A friend or relative of yours is unwell but you can’t reach them. They are pushed right to The Edge and you don’t know if they will return to you or be lost forever. But this story isn’t about them…it’s about you and all of the little things that led to the moment of catastrophe. Nick Choo‘s unique and memorable production of The Edge is not as dark or depressing as one might think – people keep dancing around the subject matter as though it’s going to bite them on the nose, yet The Blue Room production is a great way to address depression, suicide, and a host of mental illness issues that are plaguing today’s society.*
The Edge is ambitious – originally produced in Malaysia as part of Choo’s burgeoning musical career, it’s been adapted and worked on for roughly ten years. Now, in the hands of Director Levon Polinelli the work seems perfectly tailored to Australian audiences. Polinelli and Designer Sara Chirichilli‘s set is pared back and simple – it allows for the cast to tell the story through their own characters and song style. This is a highly character-driven show, beginning with the entire ensemble of six standing in formation and addressing the audience with a powerful piece about how ‘Another Day’ can be so different to one person, but the irrevocable pull of time will render it just another day.
Each character, from the brother Jarod (Emerson Brophy) to the childhood best friend, Mike (Philip Lynch) is connected to the one character Josh who is literally standing at the edge of a precipice – about to jump. Each character relays to the audience how they may have contributed to putting him there. It’s a completely different take on the usual ‘suicide story’ as most of them focus on the actual person, not the impact on the people around them. Brophy’s unrestrained emotion as he sings Josh through the major points in his life is heart-wrenching. As is Claudia Van Zeller‘s stunning performance as the grieving mother. It is clear that Josh is the absolute favourite, and it is interesting to see a character both controlling and completely at the mercy of her young son. She sings of the absolute unbridled joy she finds with her new fiance, but is willing to sacrifice it all for her spoilt son.
Perhaps the one element I would do differently is the miming to Josh – the characters vacillate between narrating their memories to the audience and miming to a void that represents Josh onstage. I feel this is perhaps a little trite, and could have been addressed a little less clumsily – in fact the most powerful moments occur when ‘Josh’ is the audience – or at least supposed to be ready to leap at any minute at some point behind us. There is a cohesion to all of Choo’s composition – a unique soundscape that threads and weaves its way through all of the characters, representative of Josh himself – each of the characters sing similar music but with just enough accents and flourishes to represent their own unique voice within the work.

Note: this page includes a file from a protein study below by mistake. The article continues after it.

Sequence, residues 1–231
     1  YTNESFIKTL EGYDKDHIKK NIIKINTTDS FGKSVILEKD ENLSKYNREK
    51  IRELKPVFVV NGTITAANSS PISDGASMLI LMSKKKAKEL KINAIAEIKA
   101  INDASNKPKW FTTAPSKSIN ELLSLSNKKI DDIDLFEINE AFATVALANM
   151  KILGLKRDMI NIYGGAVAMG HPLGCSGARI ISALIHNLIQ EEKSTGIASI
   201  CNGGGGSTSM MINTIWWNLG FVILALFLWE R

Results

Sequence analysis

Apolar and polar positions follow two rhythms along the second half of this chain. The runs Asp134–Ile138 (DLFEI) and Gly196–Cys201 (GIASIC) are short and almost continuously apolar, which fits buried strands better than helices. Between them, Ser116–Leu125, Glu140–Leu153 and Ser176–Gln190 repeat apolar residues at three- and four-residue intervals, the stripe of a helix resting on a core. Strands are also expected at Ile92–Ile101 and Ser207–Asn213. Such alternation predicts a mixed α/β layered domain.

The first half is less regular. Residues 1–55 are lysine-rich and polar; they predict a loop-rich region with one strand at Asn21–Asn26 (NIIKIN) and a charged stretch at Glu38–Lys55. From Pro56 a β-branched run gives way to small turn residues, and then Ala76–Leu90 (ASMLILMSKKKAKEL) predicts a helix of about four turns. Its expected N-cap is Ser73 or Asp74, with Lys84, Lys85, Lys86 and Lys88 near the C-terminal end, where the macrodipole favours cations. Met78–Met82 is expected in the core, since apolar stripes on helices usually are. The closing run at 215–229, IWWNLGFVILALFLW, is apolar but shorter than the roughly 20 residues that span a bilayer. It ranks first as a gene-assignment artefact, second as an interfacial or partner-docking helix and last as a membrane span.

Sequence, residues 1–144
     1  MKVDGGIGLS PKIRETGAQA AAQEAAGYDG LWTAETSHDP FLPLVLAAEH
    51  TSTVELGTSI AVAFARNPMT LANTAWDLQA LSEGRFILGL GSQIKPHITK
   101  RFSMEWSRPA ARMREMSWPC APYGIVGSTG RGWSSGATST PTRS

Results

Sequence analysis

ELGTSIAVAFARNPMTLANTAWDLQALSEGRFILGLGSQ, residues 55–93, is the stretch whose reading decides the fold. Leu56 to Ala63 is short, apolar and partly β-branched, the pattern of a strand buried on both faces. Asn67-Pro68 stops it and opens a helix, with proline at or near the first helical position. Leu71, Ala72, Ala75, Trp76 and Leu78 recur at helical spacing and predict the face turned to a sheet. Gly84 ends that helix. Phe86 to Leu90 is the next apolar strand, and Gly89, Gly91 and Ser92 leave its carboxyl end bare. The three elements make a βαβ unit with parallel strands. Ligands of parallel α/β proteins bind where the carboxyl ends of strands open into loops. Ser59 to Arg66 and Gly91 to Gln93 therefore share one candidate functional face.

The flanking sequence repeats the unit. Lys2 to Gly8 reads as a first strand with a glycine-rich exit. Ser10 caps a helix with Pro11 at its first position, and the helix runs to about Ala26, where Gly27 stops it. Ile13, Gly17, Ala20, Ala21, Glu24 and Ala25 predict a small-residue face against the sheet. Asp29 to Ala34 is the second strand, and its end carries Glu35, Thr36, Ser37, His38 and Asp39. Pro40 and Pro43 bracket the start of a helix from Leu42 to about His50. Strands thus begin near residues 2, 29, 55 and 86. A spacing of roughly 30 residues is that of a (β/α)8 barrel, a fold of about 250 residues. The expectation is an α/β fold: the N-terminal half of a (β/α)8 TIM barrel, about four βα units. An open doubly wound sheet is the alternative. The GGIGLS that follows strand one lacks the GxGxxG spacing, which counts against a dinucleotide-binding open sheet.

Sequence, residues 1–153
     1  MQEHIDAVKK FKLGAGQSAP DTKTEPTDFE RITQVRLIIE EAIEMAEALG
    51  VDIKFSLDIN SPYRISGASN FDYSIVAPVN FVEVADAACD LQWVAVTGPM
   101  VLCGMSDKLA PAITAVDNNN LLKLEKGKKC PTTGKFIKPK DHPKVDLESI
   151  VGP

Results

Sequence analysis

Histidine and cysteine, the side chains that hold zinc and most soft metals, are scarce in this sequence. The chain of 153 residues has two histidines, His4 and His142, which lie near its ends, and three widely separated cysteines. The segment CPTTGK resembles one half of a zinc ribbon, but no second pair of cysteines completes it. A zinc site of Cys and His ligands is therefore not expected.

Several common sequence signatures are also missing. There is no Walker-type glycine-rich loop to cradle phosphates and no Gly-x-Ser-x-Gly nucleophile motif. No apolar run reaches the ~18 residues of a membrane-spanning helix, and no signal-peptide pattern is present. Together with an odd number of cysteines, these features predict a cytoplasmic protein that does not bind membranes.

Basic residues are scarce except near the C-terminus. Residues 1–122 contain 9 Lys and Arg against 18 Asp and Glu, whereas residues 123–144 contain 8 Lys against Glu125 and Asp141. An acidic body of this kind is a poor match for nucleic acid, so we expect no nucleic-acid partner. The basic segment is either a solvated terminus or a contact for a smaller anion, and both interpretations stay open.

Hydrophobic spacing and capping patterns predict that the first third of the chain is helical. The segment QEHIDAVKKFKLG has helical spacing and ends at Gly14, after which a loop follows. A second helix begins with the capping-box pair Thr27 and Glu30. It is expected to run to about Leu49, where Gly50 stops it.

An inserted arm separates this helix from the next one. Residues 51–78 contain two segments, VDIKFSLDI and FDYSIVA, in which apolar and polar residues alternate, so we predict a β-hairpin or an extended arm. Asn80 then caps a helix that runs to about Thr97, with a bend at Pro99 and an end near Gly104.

There is so much going on in this work – from the girlfriend who feels like Josh is rushing things (Madeline Shaw) to the room-mate and best friend who would have liked to take things to the next level (if you know what I mean!) (Tate Bennett.) There’s even a concerned co-worker and coffee shop girl (Grace Johnson) who’s impressive voice laments other people’s reluctance to see beyond their noses and help someone in need. As a whole, each of these characters slot together to form a puzzle – an image of Josh on the edge. Whilst epic in scale, The Edge is elegantly simple, with clever and relevant music – there are no huge showstoppers here, but this doesn’t diminish from the absolute talent on show in this ensemble that compliment each other beautifully. As for the warnings – I would urge you to go and see it, although there may be more than a few lumps in your throat.
Review | Laura Money
WHEN: 29 May – 9 June 2018 | 8:30pm
12 – 16 June 2018 | 7:00pm
WHERE: The Blue Room Theatre | Northbridge
INFO: Tickets $20 – $30 | Duration 2 hours | 10 minute interval | Content warning: themes of suicide and mental health | Recommended 15+
*Crisis support and suicide prevention is available. Call Lifeline Australia on 13 11 14.